Daisy DeBolt, a Toronto singer who began her career in 1960s coffee houses and was half of folk duo Fraser & DeBolt, has died. She was 66.
DeBolt died of cancer on Tuesday in Toronto, according to former producer and bandmate Brian Blain.
Her career spanned 40 years and ventured into jazz, country, folk and blues. Most recently she was hailed as queen of the avant-garde, and a Montreal Gazette review called her "the most astonishing, dynamic vocalist in the entire galaxy."
"Daisy was surely a singer's singer and the voice is what everybody remembers about Daisy," Blain said.
Daisy DeBolt was born July 19, 1945, the daughter of Winnipeg musician and music teacher Marjorie DeBolt. In high school, she studied guitar with the legendary Lenny Breau.
DeBolt moved to Ontario in 1965 to sing folk music. She played mandolin, accordion and guitar and was an accomplished songwriter and poet, often sharing stories of her own life in song.
DeBolt opened for Lonnie Johnson and Jessie Fuller and began working with several bands, including the Allen-Ward Trio before forming Fraser & DeBolt.
She met Allan Fraser at a workshop at the 1968 Mariposa Folk Festival and the duo hit it off both musically and romantically. They had a following at folk festivals and coffee houses in Canada and then toured the U.S. in 1970.
The pair's first album, Fraser & DeBolt With Ian Guenther, received rave reviews upon its release in 1971. They followed up with Fraser & DeBolt With Pleasure in 1973.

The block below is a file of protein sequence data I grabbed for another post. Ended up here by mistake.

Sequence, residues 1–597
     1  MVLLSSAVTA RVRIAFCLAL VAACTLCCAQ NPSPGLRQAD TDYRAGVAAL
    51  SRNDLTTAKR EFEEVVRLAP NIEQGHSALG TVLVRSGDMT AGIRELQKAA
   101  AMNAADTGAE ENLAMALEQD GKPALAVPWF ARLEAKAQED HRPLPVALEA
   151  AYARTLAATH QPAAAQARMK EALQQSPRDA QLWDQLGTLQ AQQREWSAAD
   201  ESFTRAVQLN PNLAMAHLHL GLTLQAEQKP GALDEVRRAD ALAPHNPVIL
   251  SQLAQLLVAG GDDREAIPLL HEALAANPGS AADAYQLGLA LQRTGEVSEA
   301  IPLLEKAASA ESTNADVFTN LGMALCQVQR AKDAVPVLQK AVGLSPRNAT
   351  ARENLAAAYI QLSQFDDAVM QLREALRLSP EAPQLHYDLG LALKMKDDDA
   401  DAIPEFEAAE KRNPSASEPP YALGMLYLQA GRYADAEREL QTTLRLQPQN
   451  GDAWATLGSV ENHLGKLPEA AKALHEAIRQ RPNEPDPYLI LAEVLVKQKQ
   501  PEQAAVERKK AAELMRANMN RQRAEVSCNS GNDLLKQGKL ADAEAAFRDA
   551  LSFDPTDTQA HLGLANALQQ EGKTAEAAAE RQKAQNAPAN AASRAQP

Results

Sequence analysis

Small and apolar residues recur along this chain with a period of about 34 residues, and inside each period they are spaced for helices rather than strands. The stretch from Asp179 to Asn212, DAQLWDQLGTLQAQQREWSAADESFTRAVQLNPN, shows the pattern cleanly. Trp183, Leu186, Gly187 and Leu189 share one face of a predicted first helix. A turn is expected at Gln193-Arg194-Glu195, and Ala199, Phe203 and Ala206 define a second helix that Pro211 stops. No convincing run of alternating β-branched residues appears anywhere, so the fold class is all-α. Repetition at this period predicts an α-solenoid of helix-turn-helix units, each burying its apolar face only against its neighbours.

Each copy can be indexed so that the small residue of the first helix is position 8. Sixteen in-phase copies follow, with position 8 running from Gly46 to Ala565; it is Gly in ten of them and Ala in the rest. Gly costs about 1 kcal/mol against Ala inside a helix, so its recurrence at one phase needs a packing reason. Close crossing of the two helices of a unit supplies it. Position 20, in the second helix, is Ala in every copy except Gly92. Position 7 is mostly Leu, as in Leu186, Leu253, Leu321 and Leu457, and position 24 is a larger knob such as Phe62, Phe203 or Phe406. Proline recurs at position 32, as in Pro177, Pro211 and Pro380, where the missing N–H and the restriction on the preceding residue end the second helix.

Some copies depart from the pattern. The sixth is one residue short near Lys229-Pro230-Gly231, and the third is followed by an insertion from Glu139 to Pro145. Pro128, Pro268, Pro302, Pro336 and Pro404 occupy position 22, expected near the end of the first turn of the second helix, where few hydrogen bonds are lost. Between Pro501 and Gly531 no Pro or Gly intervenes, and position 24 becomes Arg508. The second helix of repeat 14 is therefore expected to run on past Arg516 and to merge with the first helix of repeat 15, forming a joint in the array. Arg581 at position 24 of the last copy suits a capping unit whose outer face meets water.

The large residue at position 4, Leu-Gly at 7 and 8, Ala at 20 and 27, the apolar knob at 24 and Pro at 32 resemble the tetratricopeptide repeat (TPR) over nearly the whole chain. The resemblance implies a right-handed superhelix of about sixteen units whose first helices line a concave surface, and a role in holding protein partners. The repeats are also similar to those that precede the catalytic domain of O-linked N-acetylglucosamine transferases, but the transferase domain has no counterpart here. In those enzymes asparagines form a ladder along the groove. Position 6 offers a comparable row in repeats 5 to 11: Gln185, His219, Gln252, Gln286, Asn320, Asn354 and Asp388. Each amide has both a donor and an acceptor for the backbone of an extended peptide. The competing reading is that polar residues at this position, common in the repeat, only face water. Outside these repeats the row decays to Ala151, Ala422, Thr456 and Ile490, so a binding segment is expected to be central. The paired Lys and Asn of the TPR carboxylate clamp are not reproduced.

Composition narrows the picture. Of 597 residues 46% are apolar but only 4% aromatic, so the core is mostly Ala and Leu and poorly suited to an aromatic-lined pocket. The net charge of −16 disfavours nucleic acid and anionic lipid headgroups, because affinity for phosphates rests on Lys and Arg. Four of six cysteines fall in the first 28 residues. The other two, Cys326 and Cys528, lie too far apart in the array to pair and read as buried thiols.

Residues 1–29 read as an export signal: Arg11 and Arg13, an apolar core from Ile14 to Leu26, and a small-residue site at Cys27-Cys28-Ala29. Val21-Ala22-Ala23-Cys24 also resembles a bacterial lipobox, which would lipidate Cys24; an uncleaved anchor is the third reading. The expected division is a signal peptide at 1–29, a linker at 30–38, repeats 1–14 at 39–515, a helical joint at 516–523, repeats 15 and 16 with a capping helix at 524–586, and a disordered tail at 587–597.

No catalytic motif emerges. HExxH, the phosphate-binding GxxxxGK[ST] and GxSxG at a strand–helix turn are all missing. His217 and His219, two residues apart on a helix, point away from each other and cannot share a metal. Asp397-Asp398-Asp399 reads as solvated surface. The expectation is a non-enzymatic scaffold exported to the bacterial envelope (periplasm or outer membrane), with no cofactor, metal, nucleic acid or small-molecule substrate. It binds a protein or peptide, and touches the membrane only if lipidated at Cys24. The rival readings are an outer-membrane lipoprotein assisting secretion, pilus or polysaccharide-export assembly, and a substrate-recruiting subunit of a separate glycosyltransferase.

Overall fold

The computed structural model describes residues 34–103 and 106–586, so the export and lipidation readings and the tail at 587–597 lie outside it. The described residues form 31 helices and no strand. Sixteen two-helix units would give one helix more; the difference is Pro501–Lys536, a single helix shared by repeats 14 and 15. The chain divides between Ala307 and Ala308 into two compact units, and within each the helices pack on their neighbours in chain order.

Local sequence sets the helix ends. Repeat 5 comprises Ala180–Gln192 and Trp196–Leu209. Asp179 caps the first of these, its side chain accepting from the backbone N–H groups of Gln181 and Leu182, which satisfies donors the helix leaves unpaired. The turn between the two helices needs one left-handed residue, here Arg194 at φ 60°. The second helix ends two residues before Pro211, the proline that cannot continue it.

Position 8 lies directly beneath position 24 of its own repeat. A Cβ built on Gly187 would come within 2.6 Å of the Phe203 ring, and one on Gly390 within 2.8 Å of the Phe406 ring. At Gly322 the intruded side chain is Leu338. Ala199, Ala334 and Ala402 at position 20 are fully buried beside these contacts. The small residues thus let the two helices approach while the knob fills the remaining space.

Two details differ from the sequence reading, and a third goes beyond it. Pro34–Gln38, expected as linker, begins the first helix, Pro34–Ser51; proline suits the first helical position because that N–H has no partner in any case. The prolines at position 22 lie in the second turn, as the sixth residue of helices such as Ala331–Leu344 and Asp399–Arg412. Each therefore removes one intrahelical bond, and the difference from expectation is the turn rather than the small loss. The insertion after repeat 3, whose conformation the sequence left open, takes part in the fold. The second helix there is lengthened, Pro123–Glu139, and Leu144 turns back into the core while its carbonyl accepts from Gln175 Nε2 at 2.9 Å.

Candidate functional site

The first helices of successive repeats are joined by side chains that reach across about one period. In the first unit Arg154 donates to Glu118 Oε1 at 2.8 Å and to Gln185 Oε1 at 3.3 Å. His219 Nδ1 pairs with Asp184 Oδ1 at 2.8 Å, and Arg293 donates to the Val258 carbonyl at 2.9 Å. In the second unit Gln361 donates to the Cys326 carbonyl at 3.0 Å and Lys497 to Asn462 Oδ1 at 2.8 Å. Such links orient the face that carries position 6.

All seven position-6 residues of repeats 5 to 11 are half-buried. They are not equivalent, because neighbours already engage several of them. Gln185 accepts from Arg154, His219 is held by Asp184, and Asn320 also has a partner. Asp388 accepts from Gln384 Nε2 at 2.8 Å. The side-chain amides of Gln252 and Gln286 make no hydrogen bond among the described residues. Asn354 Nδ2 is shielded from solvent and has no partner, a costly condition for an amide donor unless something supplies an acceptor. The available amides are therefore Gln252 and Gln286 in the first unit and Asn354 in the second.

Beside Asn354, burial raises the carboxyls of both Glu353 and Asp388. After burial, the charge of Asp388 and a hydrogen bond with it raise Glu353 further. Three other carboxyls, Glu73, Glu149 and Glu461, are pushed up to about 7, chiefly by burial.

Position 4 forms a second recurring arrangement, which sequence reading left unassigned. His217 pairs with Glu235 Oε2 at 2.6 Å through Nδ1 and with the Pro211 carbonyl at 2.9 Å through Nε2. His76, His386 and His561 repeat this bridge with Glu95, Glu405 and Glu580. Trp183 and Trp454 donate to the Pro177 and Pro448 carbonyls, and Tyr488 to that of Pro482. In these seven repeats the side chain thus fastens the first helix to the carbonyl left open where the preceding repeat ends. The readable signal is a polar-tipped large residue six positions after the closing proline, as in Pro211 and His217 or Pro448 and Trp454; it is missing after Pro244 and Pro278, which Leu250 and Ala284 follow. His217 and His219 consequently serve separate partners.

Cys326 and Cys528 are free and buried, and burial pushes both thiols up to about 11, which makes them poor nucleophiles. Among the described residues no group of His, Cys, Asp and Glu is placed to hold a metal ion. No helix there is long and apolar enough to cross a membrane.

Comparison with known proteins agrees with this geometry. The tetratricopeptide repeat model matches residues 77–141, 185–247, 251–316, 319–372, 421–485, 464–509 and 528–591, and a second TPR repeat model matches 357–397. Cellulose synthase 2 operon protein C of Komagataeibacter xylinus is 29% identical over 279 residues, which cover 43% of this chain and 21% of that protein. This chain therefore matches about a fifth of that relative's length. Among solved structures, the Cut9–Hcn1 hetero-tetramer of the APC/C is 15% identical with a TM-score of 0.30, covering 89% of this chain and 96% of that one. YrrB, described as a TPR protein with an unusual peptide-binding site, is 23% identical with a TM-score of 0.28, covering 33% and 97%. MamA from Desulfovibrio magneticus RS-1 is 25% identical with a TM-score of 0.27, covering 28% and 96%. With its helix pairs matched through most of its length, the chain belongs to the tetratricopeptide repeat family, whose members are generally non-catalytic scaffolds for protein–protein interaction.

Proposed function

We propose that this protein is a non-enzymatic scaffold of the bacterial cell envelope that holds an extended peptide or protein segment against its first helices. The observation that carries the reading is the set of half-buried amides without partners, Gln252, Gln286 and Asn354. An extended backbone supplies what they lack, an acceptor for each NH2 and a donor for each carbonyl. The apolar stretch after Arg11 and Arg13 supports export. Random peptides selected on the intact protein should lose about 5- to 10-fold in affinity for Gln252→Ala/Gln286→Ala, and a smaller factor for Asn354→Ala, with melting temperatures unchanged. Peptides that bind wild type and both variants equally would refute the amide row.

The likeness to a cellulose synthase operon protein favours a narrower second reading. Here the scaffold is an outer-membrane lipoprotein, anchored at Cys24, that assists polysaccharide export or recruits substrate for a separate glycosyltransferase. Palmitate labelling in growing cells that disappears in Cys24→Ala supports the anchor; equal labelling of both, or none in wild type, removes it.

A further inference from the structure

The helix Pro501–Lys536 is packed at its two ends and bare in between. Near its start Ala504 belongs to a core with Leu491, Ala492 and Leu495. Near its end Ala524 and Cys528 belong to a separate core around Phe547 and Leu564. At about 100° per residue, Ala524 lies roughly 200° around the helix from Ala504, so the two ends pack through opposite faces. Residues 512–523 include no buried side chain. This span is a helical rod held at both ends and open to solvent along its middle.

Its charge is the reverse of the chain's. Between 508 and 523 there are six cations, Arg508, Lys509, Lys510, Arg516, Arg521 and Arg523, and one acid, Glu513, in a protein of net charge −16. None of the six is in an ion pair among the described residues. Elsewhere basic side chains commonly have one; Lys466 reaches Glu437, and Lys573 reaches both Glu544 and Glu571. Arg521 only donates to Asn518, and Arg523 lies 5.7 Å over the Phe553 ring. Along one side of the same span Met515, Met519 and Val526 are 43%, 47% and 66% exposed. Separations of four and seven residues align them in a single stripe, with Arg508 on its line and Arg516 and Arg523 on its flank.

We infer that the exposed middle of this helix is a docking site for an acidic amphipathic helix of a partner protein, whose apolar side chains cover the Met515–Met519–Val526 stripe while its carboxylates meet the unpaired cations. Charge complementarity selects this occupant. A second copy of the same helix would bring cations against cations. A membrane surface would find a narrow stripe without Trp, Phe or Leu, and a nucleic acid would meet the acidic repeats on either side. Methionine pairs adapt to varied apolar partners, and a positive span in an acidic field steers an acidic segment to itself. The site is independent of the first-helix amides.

The duo's act seemed headed for the big time, but the couple broke up in the mid-1970s. Still, their songs continued to receive radio play even two decades later.
Continued with solo career
At the time of her death, DeBolt was working with a U.S. label to re-release the Fraser & DeBolt recordings.
DeBolt continued as a singer-songwriter and appeared in festivals across Canada as well as in small clubs.
She wrote film scores for the National Film Board of Canada and worked with dance company Ballet Ys. She also explored reggae music with her band Don’t Push Me Against The Fridge.
She starred in the Theatre Calgary production of Country Hearts in which she played the lead role of Sam Slick. She was musical director for a production of Nickel in Sudbury and she appeared in The Coming in Toronto. She has also written music for the YTV series 15 Love.
She collaborated with other poets and singers and went on to marry poet Robert Dickson, who predeceased her.
Her recordings include solo work Soulstalking, the jazz album Live Each Day with Soul, created in memory of her mother, and 2004’s Lovers and Fantasies, which includes two songs written by novelist Michael Ondaatje .
In September, DeBolt toured and sang in British Columbia, but cancer rapidly overtook her in the final few weeks of her life.
She is survived by her son, Jake DeBolt of B.C.